Despite its best efforts early on, a revival of Europe's impasse on Friday was nasty enough to drag the market back into the red when it was all said and done last week. Or, was it something more? Would stocks have managed to make their way into the hole anyway last week - with or without more problems from Greece - simply because the market's overextended here, and starting to feel the weight of the 11.3% gain since December 19th?
We're actually leaning towards the latter here, and will explore the reasons why below. First though, let's take a step back and take a top-down look at things, beginning with the economy.
There wasn't a whole lot in the lineup for last week, economically speaking. But, we did get a couple of biggies…like consumer credit, for instance.
For the second month in a row, the rise in total consumer credit levels swelled way beyond expectations. This time, rather than growing by the anticipated $8.5 billion, it grew by $19.3 billion (versus November's $20.4 billion). Like November, a huge chunk of it stemmed from more student loans, but last month also saw a big pop in the amount of auto loans. For better or worse, revolving (credit card) credit wasn't a big piece of the increase - it only grew by $2.8 billion, which brings it up to a total of $801 billion.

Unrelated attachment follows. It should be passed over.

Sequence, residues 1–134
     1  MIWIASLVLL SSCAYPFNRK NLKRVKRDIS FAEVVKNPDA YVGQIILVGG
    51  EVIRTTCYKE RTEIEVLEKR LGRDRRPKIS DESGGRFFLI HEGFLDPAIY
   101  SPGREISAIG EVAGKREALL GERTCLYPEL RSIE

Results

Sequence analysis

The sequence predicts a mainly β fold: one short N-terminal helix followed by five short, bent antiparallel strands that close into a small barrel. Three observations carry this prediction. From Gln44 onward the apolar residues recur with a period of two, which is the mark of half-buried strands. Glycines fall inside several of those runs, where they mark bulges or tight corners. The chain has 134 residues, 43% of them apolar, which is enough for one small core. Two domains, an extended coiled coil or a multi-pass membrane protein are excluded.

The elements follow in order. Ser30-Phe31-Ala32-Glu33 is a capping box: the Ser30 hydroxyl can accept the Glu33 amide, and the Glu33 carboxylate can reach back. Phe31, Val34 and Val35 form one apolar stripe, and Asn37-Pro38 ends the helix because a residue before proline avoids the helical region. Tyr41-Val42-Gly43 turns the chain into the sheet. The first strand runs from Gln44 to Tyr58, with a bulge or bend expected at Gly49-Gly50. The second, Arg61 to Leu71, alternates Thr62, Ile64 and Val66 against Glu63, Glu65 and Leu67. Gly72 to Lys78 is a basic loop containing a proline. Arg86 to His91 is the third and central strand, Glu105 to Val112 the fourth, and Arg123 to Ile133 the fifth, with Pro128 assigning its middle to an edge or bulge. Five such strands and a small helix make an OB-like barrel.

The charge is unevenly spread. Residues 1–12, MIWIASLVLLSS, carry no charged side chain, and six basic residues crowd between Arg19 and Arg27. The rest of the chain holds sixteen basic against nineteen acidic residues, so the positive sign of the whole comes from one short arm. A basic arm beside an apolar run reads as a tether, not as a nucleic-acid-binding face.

The other biggie came on the unemployment claims front; initial claims fell from 373K to 358K, but ongoing claims rose from 3.451 million to 3.515 million. Still, both are 'trending' lower, and point to modest progress.
The only other item of interest last week wasn't actually that interesting… the Michigan Sentiment Index. It fell from 75 to 72.5 (preliminary reading). It's not a great economic indicator though - particularly when viewed one month at a time - so we're not sweating it.
This week is another big one for economy-watchers. Here are the key items to watch for:
* Tuesday: Did January's retail sales (with or without autos) really grow firmly?
* Wednesday: The underestimated/underwatched capacity utilization and industrial productivity indices are both expected to show modest increases. Though most investors don't know or care, the direction these two data sets are moving shows tremendous correlation with the market's overall trend; if they both rise again, that's a huge win for the long-term bulls.
* Thursday: Initial and ongoing claims, as always. Look for levels comparable to last week's.
* Thursday: A wave of real estate/construction data starts with Thursday's housing starts and building permit numbers for January, though no dramatic changes are expected.
* Thursday: Producer inflation is expected to be 0.3% for January (or 0.1% on a core basis).
* Friday: Consumer inflation is also expected to be 0.3% for last month (or 0.2% on a core basis). The 'inflation rate' is 2.96%, and trending lower.
Our apologies in advance for the heavy mark-ups on this week's chart. It's a necessary evil, as there's a lot going on right now, and all of it matters.
First and foremost, note that the S&P 500 (SPX) (NYSEARCA:SPY) is still in a bullish trend. The primary floor of that trend is the rising 10-day moving average line (red), though the 20-day moving average line (blue) has acted as a floor as well. Until the 20-day average, currently at 1323, is snapped, then any discussion of a pullback is purely a hypothetical one. That being said…